This past Wednesday morning I drove down to Washington D.C. to be part of an action. Around 3 pm hundreds of us gathered in the rotunda of the Capitol building calling for a ceasefire between Israel and Gaza. We spent the better part of the afternoon singing the words of the prophet Isaiah, “Lo yisa goy el goy herev. Nation shall not lift up sword against nation.” I was joined by hundreds of people in the Capitol building, and bolstered by thousands more outside on Independence Avenue, including dozens of Kol Tzedek members. It was not only peaceful, but prayerful. Over the course of many hours we sang every song for peace we knew. We sang even when our voices were hoarse and thin. We sang while they arrested us and for hours after. We sang until they literally ordered us to stop.
An article in The Nation captured it vividly, “Aided by a melodious shofar, two dozen rabbis spoke about the moral urgency of the moment while thousands of fellow Jews chanted “Cease-fire now!” outside the building. Together, it created a cacophony of righteous trouble in the best tradition of our people.”
It was a proud moment. I shared it with some people I love dearly. And to my heartbreak, they reacted defensively.
As I reflect on my week, I am not sure what I am more proud of, the fact that I, along with so many Kol Tzedek members, was part of an inspiring act of civil disobedience calling for a ceasefire in Israel and Gaza, or the fact that I narrowly managed to avoid fighting about it with my family via text message.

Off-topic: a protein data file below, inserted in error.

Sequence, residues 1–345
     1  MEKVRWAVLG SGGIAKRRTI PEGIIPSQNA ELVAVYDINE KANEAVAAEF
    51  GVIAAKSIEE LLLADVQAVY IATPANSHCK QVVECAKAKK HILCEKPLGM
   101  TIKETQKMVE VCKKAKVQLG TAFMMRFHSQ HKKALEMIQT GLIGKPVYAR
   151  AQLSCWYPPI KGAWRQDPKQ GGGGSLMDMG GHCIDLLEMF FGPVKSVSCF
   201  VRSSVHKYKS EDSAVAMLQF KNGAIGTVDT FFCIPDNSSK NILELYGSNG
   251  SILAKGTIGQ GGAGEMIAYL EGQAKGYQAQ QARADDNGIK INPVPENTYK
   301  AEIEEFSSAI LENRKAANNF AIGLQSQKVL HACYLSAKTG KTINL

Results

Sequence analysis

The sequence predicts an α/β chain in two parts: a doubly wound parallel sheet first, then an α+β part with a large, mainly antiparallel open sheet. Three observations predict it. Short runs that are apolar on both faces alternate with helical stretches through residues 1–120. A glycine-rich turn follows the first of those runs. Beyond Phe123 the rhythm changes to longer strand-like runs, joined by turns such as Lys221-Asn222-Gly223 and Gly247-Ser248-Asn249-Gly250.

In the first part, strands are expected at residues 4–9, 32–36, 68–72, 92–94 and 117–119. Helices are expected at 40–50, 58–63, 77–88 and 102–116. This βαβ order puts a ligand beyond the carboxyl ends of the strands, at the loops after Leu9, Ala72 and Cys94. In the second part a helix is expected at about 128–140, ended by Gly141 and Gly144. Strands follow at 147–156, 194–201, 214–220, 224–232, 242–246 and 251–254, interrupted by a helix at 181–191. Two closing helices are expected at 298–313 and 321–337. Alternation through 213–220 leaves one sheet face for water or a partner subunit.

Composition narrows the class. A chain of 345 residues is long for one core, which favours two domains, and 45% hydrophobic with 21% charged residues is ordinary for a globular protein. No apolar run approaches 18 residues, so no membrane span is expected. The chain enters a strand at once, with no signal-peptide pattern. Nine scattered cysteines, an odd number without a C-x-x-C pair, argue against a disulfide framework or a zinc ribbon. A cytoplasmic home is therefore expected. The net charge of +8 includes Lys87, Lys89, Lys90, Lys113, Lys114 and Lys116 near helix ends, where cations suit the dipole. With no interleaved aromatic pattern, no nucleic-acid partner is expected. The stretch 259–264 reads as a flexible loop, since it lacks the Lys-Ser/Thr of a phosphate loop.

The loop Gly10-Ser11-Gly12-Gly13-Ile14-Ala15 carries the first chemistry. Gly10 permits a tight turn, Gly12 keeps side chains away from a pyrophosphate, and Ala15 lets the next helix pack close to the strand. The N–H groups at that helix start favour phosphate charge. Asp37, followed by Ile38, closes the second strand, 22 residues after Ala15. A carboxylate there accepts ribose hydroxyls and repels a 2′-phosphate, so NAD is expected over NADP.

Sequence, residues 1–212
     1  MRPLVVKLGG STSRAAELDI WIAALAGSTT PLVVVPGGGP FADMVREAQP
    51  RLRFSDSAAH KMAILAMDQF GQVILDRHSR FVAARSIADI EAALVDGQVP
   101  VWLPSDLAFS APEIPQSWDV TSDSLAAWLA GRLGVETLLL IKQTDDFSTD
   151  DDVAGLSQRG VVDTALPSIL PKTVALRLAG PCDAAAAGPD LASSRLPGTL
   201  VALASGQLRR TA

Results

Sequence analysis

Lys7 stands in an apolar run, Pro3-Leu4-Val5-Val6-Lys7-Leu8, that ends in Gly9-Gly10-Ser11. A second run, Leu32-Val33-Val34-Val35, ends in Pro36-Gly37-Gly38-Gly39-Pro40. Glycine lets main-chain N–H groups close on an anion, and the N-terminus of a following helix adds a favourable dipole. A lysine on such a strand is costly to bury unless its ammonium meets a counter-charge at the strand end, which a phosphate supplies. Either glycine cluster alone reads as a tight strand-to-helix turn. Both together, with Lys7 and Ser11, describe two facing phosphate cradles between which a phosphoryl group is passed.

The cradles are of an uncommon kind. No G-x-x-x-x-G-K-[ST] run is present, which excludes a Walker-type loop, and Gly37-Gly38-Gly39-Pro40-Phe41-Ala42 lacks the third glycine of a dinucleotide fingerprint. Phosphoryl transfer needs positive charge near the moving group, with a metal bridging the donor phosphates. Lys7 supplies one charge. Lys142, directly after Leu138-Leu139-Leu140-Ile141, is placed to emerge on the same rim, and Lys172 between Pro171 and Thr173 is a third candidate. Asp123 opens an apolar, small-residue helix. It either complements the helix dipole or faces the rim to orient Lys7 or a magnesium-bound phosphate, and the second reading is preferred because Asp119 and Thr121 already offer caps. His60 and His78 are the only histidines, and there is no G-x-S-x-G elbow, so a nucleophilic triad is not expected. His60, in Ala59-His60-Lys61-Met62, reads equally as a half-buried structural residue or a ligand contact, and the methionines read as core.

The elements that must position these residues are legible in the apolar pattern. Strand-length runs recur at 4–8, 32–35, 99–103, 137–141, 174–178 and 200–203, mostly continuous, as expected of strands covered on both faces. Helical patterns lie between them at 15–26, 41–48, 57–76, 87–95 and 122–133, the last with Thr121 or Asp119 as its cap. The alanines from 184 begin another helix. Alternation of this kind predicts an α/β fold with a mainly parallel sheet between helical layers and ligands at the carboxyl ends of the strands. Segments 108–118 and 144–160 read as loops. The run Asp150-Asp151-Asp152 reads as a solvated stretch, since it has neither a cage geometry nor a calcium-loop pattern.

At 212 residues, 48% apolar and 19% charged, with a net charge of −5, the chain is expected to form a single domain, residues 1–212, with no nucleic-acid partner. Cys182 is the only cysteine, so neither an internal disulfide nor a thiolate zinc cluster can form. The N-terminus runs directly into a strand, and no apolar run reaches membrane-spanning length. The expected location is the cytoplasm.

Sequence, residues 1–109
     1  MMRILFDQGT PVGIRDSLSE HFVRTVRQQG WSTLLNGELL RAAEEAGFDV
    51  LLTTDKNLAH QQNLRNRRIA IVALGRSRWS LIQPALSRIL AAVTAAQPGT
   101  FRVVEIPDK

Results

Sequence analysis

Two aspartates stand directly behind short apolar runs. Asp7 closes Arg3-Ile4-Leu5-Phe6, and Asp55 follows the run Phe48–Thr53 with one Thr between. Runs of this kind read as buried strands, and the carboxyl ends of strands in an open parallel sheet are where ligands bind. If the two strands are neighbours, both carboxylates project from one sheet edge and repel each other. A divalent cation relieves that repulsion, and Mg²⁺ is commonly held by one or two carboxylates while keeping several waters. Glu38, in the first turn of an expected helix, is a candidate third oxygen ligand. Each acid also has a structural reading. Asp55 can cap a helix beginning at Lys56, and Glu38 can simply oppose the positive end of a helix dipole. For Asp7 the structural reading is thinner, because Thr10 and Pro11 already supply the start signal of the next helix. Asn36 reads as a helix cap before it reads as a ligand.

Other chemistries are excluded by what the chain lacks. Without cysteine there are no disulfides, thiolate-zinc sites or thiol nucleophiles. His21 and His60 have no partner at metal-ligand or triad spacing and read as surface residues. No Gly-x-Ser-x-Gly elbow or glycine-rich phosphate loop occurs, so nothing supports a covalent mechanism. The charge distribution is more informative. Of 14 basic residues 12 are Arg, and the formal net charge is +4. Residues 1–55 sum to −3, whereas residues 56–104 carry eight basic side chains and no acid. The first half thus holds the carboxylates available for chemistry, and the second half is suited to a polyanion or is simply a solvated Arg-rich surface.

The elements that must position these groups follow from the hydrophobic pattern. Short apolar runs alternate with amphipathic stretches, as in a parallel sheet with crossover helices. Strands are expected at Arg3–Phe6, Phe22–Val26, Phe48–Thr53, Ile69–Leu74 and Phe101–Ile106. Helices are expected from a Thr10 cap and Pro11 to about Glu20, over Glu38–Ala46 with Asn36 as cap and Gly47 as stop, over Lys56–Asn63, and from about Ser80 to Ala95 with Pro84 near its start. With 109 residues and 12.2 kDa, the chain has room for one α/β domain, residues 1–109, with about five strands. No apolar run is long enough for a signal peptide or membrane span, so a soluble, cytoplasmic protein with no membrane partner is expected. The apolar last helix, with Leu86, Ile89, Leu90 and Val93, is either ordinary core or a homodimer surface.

It feels almost impossible to talk about this war with the nuance and compassion it requires. Which is in and of itself scary. Just today I received an email from my kids’ school principal asking for my help because, “Kids are beginning to ask each other, “Whose side are you on?”” This is not only a war, but a wedge.
Last Sunday I gathered with a large group of Torah School parents to share ideas about how to talk to our kids about what is happening in Israel and Palestine. In my tenure as Senior Rabbi of Kol Tzedek, it was the first time I had facilitated a conversation on the subject. I could feel the relief and the openness, as we went around the circle sharing our questions. It was clear that so many of us are personally impacted. It was important to me that I say that no one needs to agree with me as the rabbi. And I apologized for censoring myself to a fault on this subject.